Tripp could not maintain the grades necessary to procure another scholarship, and it soon became apparent that he would have to leave college, and return home to Texas to regroup. Duffel bags in hand, Tripp walked through the front door of his parent’s home a lost man. The news that followed him like a dark cloud devastated his family. His college experience was over. . . At least it was until he could get himself back on track. He sat around the house for the next few weeks, watching the family’s new ‘Television Set’. It was during this time that he learned the war was being escalated and the hometown hero, LBJ, was calling for more troops. A draft was coming, and it was coming soon. The draft was announced on December 1st, 1964, and it caused the entire town of Buda, Texas to stand still. The entire country watched as loved ones continued to burst into tears as one more man was sent to war. Tripp let out a long sigh of relief as the 190th day was called and he was still going to be home for Christmas. 191, safe still. 194, safe, and his breathing had finally begun to return to a steady pace. He began to walk into the kitchen when he heard “195: September 24th”. Tripp suddenly found he could no longer take another step. He would swear for months that time had stopped. Not one of his sisters of either of his parents moved, or even made a sound. A very dazed Tripp Johansson stumbled out of the house, into a monsoon-like rain. It seemed the sky would do his crying for him, seeing as his body was unable to muster the feeling to do so.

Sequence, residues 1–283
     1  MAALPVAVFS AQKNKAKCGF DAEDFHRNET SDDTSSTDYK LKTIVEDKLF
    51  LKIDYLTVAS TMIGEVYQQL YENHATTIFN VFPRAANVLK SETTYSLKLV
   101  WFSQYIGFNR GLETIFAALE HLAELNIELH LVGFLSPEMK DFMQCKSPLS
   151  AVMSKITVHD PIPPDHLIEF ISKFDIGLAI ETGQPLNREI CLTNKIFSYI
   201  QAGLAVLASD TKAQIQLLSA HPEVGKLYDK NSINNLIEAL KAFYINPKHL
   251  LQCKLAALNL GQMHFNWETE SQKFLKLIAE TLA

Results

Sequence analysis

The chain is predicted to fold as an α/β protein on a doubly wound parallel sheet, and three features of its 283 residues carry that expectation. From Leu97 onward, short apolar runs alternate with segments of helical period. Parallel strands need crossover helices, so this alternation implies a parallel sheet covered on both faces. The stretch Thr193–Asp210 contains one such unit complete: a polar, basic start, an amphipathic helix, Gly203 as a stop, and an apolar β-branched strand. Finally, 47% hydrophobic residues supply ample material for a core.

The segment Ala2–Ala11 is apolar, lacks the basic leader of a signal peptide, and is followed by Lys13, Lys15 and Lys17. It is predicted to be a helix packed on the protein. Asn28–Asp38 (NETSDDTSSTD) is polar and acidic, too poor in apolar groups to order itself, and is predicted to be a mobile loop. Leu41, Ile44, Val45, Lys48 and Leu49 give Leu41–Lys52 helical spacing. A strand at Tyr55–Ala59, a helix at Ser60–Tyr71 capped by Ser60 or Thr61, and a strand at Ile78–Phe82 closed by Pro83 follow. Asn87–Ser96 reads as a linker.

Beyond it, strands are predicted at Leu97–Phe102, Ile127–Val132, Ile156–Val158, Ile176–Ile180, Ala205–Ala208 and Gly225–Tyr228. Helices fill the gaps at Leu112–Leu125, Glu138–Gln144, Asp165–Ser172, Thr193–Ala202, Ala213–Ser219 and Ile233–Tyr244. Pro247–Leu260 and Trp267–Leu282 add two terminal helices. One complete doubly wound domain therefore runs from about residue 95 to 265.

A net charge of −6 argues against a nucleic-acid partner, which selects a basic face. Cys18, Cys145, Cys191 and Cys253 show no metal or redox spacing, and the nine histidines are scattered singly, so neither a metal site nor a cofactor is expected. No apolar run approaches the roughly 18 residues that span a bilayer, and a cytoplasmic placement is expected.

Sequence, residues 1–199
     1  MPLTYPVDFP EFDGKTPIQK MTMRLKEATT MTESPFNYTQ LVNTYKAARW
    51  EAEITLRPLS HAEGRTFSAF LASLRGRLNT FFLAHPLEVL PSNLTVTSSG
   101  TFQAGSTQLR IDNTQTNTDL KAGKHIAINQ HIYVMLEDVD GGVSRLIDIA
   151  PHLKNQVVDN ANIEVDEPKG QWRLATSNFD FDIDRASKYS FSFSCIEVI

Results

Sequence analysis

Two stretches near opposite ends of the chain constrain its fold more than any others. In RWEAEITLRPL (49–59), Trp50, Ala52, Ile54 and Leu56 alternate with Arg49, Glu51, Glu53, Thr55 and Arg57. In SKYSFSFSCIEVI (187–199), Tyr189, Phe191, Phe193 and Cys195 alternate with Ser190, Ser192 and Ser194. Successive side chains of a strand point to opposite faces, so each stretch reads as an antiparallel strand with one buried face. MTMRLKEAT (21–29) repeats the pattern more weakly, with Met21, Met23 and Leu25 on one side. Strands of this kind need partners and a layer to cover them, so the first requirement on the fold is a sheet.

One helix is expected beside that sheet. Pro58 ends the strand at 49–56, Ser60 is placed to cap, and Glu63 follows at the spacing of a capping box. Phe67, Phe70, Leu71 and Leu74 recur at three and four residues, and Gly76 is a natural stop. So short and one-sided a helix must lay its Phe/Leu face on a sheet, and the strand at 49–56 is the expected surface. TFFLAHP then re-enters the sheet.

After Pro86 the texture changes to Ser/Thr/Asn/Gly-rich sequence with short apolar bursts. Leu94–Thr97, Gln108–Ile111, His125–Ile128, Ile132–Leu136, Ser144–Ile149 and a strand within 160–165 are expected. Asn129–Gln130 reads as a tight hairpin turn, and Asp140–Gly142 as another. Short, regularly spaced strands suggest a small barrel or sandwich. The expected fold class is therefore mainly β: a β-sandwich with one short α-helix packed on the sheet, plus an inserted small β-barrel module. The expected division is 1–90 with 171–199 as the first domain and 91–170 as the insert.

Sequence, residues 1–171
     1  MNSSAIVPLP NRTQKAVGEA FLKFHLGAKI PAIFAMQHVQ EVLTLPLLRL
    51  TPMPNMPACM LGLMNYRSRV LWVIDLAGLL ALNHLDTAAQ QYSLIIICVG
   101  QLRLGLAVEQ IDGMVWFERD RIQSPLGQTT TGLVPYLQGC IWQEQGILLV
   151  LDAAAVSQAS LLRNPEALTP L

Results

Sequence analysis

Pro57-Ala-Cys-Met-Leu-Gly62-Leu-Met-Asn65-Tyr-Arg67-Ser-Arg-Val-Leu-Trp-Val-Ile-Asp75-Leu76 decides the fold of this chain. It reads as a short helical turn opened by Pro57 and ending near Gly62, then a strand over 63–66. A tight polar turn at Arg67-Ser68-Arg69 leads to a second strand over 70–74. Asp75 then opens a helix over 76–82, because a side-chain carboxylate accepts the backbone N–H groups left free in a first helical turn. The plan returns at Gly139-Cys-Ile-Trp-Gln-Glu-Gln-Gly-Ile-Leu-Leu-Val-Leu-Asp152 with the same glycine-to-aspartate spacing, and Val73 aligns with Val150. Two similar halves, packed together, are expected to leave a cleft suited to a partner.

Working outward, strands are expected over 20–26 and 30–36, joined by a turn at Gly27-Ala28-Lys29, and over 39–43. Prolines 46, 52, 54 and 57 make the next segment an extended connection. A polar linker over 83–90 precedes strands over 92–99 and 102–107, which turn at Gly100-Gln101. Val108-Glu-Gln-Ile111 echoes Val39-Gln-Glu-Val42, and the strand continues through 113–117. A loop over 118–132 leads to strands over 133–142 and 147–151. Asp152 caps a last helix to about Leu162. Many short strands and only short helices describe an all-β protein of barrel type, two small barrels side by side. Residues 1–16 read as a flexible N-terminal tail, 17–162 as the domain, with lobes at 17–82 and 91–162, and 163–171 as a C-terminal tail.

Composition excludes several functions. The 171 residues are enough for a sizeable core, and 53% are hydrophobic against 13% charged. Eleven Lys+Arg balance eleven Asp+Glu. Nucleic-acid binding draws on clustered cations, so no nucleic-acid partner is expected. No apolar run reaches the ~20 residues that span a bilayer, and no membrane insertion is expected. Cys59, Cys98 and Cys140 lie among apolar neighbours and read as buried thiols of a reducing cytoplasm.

Front line infantry. Great. That’s just what he wanted. His unit was the 24th infantry, and the bigwigs in Washington had decided that they would be first to combat the North Vietnamese. His title was ‘Heavy Weapons Specialist’, but all that meant was that he schlepped the ammo for the fifty-cal gunner. ‘Munitions carrier’ would have been a more accurate description. Hell, ‘American Jungle Comber’ would have been more accurate. That seemed to be all they did, was pick their way through the jungle, looking for Charlie. But they wouldn’t find Charlie, they all knew that. Charlie would find them. Tripp participated in the drudgery, thinking of home, thinking of the University of Southern California, thinking of everything but where he was. He was completely unaware of his own impending demise. By the time anyone could scream “CHARLIE!!!” blood was already pouring from the gore that had once been Jonathan Jacob Johansson.

I'm looking for critiques and comments on this new/old story i've re-written. Any thoughts are appreciated.
thanks for reading,

Post Wed Apr 14, 2010 5:52 pm   View user's profile Send private message AIM Address Yahoo Messenger MSN Messenger